Development of the Heart Failure Screening Tool (Heart-FaST) to measure barriers that impede engagement in self-care
Cameron, J., Ski, C., McLennan, S. N, Rendell, P., Whitbourn, R. & Thompson, D. (2014). Development of the Heart Failure Screening Tool (Heart-FaST) to measure barriers that impede engagement in self-care. European Journal of Cardiovascular Nursing,13(5), 408-417. United Kingdom: Sage Publications Ltd.. Retrieved from https://doi.org/10.1177/1474515113502461
Background: Screening for self-care capacity is advocated before applying educational strategies. No screening tool has been specifically developed to assess barriers that impede engagement in self-care in people with heart failure. Earlier conceptual work (InCOGNITO) identified NYHA class, mild cognitive impairment and depressive symptoms as barriers that impede engagement in HF self-care.
Aims: Study aims were: 1) to develop the Heart Failure Screening Tool (Heart-FaST) as a means of assessing three critical barriers to self-care; 2) to assess the content validity of the Heart-FaST; and 3) to test the feasibility of implementing the Heart-FaST in clinical practice.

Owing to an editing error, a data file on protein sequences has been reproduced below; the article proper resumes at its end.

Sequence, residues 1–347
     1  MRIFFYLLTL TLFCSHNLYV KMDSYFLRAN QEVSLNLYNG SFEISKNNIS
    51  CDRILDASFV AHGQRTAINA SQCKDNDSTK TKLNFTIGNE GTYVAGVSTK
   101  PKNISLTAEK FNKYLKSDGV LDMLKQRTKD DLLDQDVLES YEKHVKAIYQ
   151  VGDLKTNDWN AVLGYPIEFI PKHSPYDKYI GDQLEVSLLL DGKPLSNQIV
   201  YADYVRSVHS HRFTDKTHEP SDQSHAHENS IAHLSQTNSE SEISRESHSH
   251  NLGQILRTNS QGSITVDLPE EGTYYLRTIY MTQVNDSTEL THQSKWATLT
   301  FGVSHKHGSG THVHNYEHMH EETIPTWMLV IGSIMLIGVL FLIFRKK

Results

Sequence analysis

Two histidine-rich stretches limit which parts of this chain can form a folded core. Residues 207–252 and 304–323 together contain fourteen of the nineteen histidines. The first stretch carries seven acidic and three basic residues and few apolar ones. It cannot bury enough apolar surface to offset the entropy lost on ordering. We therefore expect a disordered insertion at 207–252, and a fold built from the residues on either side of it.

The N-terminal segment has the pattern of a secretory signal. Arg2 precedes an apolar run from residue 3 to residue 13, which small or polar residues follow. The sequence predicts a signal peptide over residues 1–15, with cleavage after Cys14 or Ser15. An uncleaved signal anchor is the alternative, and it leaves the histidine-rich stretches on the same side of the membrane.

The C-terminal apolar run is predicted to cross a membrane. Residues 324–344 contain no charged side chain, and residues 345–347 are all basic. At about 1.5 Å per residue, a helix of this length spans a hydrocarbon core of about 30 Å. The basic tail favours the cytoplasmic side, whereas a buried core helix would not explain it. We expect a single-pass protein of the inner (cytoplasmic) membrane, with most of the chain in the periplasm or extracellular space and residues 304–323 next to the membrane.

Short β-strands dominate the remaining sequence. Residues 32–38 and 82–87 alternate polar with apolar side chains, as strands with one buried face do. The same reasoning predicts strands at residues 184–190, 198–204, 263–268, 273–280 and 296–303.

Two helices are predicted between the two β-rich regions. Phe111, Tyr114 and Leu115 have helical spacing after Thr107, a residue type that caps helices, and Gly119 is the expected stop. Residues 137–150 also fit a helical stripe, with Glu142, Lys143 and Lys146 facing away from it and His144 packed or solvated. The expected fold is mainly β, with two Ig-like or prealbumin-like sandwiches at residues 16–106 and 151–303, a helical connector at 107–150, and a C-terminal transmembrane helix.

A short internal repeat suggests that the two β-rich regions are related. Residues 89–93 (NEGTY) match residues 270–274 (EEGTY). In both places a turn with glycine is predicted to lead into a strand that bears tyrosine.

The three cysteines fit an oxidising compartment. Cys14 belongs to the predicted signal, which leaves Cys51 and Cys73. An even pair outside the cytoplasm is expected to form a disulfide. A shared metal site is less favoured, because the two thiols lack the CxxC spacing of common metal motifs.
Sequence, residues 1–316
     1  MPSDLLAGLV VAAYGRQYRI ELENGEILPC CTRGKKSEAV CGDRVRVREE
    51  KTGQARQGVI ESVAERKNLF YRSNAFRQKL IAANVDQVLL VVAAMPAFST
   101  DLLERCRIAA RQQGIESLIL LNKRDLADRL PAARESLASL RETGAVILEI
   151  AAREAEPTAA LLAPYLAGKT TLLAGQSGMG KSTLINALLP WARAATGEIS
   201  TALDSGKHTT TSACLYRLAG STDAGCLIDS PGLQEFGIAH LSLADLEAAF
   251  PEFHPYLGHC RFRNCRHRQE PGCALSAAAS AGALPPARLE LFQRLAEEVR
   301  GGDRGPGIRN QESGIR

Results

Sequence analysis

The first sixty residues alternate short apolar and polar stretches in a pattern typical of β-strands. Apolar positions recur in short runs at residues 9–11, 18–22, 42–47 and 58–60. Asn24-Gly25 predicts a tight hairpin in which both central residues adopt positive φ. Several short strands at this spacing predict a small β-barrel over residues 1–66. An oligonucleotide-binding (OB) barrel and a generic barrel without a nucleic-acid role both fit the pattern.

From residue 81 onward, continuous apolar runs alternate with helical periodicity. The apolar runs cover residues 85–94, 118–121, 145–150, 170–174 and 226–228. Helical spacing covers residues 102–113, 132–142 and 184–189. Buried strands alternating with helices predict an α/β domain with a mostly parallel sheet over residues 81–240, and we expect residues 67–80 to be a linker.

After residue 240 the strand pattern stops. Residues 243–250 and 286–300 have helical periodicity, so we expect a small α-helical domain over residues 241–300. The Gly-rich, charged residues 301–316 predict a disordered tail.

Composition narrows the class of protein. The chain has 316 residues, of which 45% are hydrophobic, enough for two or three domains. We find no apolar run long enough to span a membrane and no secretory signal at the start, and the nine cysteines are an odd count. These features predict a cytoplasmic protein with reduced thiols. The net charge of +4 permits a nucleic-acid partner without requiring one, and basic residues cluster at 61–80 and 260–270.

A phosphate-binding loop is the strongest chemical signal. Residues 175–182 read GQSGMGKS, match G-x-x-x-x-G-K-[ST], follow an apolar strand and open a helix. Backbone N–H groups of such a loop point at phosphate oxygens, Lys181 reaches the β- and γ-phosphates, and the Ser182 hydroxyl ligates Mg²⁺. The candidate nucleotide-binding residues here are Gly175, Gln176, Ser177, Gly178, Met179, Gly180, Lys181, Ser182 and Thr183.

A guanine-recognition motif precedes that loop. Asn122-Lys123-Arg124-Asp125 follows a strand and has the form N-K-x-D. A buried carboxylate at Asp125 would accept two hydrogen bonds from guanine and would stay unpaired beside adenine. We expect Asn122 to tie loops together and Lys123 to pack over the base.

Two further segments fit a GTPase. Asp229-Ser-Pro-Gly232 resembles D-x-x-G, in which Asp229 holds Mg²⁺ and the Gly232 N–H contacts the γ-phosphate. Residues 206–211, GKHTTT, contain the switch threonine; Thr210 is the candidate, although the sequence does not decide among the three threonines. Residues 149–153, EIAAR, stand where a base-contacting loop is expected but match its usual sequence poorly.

Methods: The Heart-FaST was developed from barriers identified in previous research (InCOGNITO) and from expert panel consensus. Content validity was assessed by examining the proportion of experts who scored each item as relevant.
Results: The InCOGNITO study indicated that four cognitive tasks, seven emotional questions and NYHA functional class were significantly correlated with the self-care scales: maintenance, management and confidence. These factors were used to create the Heart-FaST items. Consensus on wording and items to be included in the Heart-FaST was reached after two rounds of panel discussion. All items had an item-level content validity index ≥0.78. High scores on each barrier (physical, cognitive and emotional functioning) suggest poor self-care and the need for more intensive disease management efforts.
Conclusion: The Heart-FaST measures three critical barriers that impede engagement in self-care. In clinical practice this tool may assist in individually tailoring educational and support strategies to promote effective heart failure self-care.
School of Nursing, Midwifery & Paramedicine